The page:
By Christine Lively
Today we’re delighted to welcome Katie Yamasaki to the WNDB blog to talk about Dad Bakes.
The connection between the father and child is so strong in the story. How did you decide to show that?
One of the ways that I wanted to share this relationship is in the things that they do. Because this father has been separated from his daughter, having been previously incarcerated, I wanted to focus on the way that we connect while we’re waiting because we spend a lot of our time waiting, and during that time, magic can happen in all the little moments. So, the baking allowed for this waiting time because of the time for the bread to rise, and then the time for the bread to actually bake. It is a parallel to the opening of the book when the daughter is waiting for her father to come home. In those moments while they’re waiting, they are doing things together – just like those little moments of life. There are so many stories of the big things that happen, but I think that so much of our lives are made up of the actual small moments, and I wanted to focus on that element of the wait.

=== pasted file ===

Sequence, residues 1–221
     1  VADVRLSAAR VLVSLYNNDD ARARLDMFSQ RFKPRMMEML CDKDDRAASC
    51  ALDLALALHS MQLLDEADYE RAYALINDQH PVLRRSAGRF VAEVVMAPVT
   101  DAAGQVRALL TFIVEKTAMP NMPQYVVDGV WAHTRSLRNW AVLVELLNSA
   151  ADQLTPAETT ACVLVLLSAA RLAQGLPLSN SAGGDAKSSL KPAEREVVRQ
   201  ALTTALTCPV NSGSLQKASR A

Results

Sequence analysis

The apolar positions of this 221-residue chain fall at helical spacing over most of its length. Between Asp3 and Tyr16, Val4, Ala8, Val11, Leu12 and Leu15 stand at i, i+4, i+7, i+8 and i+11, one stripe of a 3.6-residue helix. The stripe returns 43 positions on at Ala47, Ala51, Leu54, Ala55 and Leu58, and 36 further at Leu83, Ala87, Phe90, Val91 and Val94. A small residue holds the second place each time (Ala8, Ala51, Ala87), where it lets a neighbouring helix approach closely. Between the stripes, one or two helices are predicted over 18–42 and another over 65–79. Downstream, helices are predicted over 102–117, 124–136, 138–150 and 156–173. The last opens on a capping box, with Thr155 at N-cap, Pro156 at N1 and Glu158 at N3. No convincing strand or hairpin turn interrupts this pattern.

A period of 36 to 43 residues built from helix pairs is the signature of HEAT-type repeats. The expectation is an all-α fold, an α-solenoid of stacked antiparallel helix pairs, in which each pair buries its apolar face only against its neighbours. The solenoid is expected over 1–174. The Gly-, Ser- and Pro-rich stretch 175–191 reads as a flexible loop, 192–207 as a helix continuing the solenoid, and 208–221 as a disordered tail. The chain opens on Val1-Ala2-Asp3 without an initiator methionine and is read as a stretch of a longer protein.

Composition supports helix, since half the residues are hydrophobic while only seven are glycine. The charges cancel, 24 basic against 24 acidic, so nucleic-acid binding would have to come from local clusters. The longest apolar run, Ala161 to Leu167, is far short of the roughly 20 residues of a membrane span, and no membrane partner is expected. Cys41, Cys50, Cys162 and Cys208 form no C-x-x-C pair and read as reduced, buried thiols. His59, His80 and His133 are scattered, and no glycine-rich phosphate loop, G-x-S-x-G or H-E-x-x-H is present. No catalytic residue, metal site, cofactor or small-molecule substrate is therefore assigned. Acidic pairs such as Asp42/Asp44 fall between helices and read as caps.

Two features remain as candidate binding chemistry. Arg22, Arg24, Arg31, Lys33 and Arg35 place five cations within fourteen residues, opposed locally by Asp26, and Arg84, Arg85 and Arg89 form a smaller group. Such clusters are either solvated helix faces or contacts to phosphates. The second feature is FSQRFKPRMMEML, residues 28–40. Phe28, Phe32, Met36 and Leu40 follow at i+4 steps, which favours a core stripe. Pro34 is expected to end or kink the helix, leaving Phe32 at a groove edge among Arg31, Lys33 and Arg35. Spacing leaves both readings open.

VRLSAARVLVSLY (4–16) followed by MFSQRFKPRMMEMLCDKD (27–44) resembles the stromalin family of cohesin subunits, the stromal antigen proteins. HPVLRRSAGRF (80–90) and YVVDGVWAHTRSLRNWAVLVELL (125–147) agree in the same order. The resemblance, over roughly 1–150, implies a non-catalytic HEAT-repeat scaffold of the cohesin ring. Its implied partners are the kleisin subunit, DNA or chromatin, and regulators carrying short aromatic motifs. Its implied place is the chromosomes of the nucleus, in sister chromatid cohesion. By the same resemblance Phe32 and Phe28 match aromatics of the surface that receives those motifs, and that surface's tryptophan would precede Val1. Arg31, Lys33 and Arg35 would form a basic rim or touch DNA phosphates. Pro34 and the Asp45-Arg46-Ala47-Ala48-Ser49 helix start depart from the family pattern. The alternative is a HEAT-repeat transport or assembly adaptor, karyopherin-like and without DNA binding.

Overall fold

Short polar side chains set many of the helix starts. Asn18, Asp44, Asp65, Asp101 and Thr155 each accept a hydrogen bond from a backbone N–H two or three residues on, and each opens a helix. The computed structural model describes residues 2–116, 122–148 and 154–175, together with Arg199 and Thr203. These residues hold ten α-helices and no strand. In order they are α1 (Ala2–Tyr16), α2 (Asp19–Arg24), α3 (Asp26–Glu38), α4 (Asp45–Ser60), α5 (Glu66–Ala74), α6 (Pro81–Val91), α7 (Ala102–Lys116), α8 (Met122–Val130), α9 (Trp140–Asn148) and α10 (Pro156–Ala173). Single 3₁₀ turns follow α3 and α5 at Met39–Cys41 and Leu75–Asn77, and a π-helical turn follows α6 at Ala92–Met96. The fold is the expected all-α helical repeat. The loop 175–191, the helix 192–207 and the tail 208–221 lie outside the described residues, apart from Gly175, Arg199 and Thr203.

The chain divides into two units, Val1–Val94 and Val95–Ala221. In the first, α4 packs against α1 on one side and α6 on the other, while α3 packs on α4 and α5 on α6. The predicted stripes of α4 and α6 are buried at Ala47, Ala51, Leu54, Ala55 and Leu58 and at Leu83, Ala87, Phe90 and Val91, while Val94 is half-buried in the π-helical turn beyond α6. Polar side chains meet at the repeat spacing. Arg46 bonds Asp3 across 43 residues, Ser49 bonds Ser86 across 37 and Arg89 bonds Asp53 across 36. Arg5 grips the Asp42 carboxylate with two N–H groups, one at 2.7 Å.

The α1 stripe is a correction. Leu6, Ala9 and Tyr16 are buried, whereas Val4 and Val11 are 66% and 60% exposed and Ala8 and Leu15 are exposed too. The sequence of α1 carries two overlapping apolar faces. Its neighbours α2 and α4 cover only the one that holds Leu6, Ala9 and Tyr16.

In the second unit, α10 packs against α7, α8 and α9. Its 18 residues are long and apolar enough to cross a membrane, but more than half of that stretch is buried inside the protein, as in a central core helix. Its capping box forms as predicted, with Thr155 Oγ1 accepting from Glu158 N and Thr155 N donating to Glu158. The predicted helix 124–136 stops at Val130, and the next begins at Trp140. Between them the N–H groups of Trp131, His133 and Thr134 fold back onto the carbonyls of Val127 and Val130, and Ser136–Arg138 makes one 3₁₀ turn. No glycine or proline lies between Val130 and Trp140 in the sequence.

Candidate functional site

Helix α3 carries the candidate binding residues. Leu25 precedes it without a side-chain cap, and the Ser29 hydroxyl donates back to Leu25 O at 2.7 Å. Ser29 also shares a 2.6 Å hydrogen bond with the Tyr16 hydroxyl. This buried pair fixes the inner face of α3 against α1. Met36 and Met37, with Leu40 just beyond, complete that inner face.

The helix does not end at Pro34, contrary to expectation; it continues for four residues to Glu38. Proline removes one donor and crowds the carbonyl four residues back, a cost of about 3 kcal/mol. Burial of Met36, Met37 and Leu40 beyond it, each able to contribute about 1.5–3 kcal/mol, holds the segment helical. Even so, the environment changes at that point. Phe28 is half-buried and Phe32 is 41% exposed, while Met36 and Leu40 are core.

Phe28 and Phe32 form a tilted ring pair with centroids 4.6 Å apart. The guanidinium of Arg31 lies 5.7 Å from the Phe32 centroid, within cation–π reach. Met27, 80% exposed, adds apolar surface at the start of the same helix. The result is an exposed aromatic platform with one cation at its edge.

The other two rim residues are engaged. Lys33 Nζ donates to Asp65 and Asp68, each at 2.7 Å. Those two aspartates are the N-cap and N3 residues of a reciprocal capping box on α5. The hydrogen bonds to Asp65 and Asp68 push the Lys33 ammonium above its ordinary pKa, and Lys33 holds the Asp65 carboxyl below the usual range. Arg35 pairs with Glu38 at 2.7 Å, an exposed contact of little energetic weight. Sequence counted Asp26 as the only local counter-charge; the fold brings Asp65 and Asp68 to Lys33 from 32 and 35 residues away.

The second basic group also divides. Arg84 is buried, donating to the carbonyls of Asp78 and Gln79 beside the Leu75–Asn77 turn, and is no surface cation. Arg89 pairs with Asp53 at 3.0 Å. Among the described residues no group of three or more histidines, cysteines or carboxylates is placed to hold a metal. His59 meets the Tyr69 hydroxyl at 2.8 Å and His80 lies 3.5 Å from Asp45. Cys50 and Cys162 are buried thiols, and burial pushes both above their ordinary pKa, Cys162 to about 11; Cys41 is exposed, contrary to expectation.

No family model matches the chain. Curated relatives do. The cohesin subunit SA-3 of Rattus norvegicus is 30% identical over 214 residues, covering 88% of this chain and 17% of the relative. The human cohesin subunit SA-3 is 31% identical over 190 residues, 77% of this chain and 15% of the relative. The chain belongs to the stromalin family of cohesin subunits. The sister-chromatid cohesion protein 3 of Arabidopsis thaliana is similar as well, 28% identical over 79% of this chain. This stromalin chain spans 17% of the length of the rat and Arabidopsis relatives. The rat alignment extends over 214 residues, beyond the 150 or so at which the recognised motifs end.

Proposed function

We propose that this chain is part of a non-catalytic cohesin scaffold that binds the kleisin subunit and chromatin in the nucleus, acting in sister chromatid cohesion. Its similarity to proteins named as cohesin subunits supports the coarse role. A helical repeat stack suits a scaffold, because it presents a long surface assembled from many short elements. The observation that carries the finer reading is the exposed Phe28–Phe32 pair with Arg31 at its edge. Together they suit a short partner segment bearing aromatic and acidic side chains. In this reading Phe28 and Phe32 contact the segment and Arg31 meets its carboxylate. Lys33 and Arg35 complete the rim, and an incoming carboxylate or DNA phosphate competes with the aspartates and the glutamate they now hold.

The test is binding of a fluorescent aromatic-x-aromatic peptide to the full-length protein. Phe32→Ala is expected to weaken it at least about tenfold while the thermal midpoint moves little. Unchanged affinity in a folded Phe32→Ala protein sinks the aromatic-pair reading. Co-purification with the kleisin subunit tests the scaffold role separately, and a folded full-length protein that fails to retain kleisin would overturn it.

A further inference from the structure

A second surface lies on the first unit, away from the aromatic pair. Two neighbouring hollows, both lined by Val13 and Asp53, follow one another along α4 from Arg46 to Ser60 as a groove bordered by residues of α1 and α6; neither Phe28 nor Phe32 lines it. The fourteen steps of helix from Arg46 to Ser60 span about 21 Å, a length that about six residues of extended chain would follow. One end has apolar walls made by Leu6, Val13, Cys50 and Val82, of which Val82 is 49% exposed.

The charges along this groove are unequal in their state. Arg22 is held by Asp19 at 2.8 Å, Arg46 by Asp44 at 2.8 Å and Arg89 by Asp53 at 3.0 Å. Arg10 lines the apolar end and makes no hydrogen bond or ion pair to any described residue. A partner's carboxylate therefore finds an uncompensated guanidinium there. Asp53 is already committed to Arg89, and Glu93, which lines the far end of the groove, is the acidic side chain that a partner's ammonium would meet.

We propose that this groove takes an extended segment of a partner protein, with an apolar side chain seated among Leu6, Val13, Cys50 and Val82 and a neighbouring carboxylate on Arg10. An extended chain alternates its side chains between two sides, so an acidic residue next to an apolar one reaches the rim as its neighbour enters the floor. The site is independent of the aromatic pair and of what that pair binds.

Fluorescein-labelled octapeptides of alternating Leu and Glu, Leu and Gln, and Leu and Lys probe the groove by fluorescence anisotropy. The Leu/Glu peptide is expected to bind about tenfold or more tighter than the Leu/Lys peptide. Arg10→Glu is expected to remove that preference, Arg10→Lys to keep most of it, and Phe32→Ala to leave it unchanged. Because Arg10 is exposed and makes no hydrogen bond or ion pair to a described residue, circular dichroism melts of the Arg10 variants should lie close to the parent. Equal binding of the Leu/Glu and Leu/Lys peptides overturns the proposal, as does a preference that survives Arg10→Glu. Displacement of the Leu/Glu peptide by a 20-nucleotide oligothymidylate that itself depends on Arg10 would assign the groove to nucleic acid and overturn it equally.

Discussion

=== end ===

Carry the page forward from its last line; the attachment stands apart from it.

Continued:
The child in the story is so resilient and self-reliant. Was that important to show in the story?